American public support for helping Ukraine in its heroic resistance against Russia’s invasion is flagging, and that’s a damn shame.

While poll results vary, the general trajectory of public support appears to have slid during the year-long conflict as U.S. spending on military, economic and humanitarian assistance to Ukraine has climbed to over $100 billion and many Republican legislators have begun opposing further aid, arguing that the money would be better spent at home and siding with Ukraine risks nuclear war with Russia.

An Associated Press-NORC Center for Public Affairs Research poll taken in February found that 48% of Americans supported sending weapons to Ukraine, a drop from 60% in May 2022.

In early February, GOP Congressman Matt Gaetz and 10 co-sponsors introduced a “Ukraine Fatigue Resolution” in the House calling on the U.S. to end its military and financial aid to the beleaguered country. On March 7, the Maine House, after acrimonious debate, passed a resolution supporting Ukraine, 87 to 54, with only 12 GOP members voting for it, a significant change from a year earlier when a similar resolution passed the chamber with only two lawmakers opposing it.

Support is likely to be further undermined as Twitter, shorn of content moderation under its new owner Elon Musk, becomes infected with pro-Russian propaganda accounts. One such account has spuriously suggested that Ukrainian aid deprived citizens of East Palestine, Ohio, of government help in the wake of the disastrous Feb. 3 train derailment and toxic chemical leak there: “Biden offers food, water, medicine, shelter, payouts of pension and social services to Ukraine! Ohio first! Offer and deliver to Ohio!”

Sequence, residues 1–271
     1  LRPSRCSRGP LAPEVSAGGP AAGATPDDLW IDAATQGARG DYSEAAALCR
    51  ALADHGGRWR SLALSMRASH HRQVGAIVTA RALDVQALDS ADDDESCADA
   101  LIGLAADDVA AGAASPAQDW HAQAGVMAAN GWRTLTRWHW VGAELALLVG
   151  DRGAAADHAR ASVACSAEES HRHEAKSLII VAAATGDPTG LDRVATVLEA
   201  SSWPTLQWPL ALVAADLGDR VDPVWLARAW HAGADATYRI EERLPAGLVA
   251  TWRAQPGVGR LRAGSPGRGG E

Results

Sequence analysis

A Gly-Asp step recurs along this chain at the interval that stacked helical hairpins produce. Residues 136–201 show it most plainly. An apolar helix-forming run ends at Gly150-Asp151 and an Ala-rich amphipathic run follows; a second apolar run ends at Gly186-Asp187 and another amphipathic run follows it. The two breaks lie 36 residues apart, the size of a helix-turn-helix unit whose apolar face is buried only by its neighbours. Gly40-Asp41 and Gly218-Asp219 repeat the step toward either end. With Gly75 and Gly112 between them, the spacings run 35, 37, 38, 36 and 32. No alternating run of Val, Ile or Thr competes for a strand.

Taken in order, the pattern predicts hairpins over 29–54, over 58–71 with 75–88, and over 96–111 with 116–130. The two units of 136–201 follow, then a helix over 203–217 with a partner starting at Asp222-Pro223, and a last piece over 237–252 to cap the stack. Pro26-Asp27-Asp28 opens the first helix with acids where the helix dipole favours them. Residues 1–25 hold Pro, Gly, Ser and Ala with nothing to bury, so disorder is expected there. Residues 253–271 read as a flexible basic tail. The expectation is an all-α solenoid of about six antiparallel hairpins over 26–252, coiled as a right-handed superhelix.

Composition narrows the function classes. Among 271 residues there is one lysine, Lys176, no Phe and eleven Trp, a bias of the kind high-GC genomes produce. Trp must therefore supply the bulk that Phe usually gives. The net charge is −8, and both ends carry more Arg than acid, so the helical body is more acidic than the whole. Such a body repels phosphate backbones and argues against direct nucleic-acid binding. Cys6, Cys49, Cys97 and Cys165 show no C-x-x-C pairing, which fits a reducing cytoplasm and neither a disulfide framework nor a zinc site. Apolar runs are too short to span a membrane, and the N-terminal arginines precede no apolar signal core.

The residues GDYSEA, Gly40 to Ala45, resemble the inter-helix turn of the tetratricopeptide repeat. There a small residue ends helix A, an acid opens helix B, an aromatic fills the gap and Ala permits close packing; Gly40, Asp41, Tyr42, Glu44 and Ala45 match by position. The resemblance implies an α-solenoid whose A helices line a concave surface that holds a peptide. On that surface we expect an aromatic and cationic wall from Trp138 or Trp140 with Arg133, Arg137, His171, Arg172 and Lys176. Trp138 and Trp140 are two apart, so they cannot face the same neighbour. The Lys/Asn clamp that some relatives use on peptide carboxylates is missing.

To my way of thinking, U.S. aid to Ukraine is a no-brainer.


While there a number of regional spoilers around the globe, notably Iran and North Korea, there are only two countries that have the global reach, expansionist ambitions and utter ruthlessness to do us great harm — China and Russia. Both are ruled by autocrats whose control of their societies is so firm and pervasive there are almost no internal curbs on their ability to wage war. Both have already shown their intentions towards us, Russia primarily through its campaign of cyberwarfare and interference with elections, and China by running a massive espionage program, building a large nuclear arsenal, attempting to interdict our naval vessels in international waters in the South China Sea, and flying a spy balloon over the continental U.S.

A similar danger existed in the 1930s, when Nazi Germany and Imperial Japan embarked on aggressive campaigns of empire building. Strong isolationist sentiment in the U.S. prevented Pres. Franklin D. Roosevelt from creating alliances with Great Britain, France, China or other countries who stood in the path of aggression. Not until the U.S. fleet was attacked at Pearl Harbor on Dec. 7, 1941 was FDR able to get Congress to declare war on Japan. Even then, fighting Germany remained off the table until Nazi leader Adolf Hitler rashly declared war on the U.S. on Dec. 11, 1941.